The Early Growth Genetics (EGG) and EArly Genetics and Lifecourse Epidemiology (EAGLE) Consortia: design, results and future prospects

Middeldorp, Christel and Felix, Janine and Rodriguez, Alina and Mahajan, Anubha and EArly Genetics Lifecourse Epidemiology (EAGLE) consortium, and Early Growth Genetics (EGG) consortium, and McCarthy, Mark (2019) The Early Growth Genetics (EGG) and EArly Genetics and Lifecourse Epidemiology (EAGLE) Consortia: design, results and future prospects. European Journal of Epidemiology, 34 (3). pp. 279-300. ISSN 0393-2990

Full content URL: https://link.springer.com/article/10.1007/s10654-0...

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The Early Growth Genetics (EGG) and EArly Genetics and Lifecourse Epidemiology (EAGLE) Consortia: design, results and future prospects
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Abstract

The impact of many unfavorable childhood traits or diseases, such as low birth weight and mental disorders, is not limited to childhood and adolescence, as they are also associated with poor outcomes in adulthood, such as cardiovascular disease. Insight into the genetic etiology of childhood and adolescent traits and disorders may therefore provide new perspectives, not only on how to improve wellbeing during childhood, but also how to prevent later adverse outcomes. To achieve the sample sizes required for genetic research, the Early Growth Genetics (EGG) and EArly Genetics and Lifecourse Epidemiology (EAGLE) consortia were established. The majority of the participating cohorts are longitudinal population-based samples, but other cohorts with data on early childhood phenotypes are also involved. Cohorts often have a broad focus and collect(ed) data on various somatic and psychiatric traits as well as environmental factors. Genetic variants have been successfully identified for multiple traits, for example, birth weight, atopic dermatitis, childhood BMI, allergic sensitization, and pubertal growth. Furthermore, the results have shown that genetic factors also partly underlie the association with adult traits. As sample sizes are still increasing, it is expected that future analyses will identify additional variants. This, in combination with the development of innovative statistical methods, will provide detailed insight on the mechanisms underlying the transition from childhood to adult disorders.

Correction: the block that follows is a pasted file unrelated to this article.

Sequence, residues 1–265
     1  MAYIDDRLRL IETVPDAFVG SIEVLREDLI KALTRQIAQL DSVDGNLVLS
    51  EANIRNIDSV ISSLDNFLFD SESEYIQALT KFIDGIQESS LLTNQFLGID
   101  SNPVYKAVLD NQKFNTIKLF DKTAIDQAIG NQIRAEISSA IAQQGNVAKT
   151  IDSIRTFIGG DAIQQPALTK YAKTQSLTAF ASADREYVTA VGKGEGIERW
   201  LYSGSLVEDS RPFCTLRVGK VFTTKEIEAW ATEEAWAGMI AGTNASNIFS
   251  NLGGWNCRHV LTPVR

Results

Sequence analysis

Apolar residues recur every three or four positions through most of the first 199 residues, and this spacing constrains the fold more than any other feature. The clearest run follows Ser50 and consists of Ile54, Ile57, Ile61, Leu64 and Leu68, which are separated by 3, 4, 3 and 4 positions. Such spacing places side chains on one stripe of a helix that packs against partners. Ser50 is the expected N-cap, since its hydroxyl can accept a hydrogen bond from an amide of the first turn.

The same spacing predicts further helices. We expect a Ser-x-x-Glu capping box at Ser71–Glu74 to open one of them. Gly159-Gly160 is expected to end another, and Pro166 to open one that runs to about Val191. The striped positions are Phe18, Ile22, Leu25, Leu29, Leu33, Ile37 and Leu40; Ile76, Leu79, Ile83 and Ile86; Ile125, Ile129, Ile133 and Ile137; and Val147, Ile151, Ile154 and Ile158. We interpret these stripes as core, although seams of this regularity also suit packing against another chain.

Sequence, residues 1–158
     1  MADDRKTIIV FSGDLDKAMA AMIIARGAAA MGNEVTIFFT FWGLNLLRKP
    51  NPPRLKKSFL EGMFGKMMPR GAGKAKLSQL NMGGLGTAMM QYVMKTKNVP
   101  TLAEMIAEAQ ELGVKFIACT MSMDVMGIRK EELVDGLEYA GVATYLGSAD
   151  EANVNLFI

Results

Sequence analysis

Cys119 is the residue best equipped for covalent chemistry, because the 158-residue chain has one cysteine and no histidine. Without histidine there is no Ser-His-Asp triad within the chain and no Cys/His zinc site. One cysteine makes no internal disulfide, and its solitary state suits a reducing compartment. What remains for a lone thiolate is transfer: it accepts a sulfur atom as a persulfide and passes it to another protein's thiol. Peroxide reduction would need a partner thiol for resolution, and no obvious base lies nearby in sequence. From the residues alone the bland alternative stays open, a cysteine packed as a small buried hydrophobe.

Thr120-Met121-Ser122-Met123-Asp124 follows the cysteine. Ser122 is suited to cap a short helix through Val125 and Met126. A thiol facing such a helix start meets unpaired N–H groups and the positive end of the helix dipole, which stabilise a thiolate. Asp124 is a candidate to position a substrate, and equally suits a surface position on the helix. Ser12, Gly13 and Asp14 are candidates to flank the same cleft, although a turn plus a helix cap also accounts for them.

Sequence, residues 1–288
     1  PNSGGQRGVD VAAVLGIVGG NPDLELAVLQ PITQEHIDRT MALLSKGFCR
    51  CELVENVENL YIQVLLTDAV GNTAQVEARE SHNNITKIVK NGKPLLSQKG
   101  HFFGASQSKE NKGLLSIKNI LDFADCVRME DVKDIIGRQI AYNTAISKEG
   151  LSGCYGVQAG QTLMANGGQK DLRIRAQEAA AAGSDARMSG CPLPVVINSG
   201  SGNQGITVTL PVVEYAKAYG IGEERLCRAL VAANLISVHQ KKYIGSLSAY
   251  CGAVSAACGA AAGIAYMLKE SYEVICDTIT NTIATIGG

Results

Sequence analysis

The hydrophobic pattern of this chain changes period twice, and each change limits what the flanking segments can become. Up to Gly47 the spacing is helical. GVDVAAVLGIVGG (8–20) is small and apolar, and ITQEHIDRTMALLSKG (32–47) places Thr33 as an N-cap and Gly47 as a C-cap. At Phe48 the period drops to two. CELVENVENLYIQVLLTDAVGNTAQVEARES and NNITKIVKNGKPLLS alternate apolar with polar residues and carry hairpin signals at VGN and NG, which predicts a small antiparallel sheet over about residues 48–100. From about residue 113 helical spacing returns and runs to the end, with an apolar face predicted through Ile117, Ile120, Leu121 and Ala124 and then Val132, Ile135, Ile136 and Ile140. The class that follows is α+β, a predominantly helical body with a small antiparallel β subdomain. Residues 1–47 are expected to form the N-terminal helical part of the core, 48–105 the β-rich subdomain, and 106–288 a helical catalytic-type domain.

Keywords:genetics, consortium, childhood traits and disorders, longitudinal
Subjects:A Medicine and Dentistry > A900 Others in Medicine and Dentistry
C Biological Sciences > C440 Molecular Genetics
C Biological Sciences > C800 Psychology
C Biological Sciences > C840 Clinical Psychology
C Biological Sciences > C420 Human Genetics
C Biological Sciences > C820 Developmental Psychology
Divisions:College of Social Science > School of Psychology
ID Code:36259
Deposited On:21 Jun 2019 07:55

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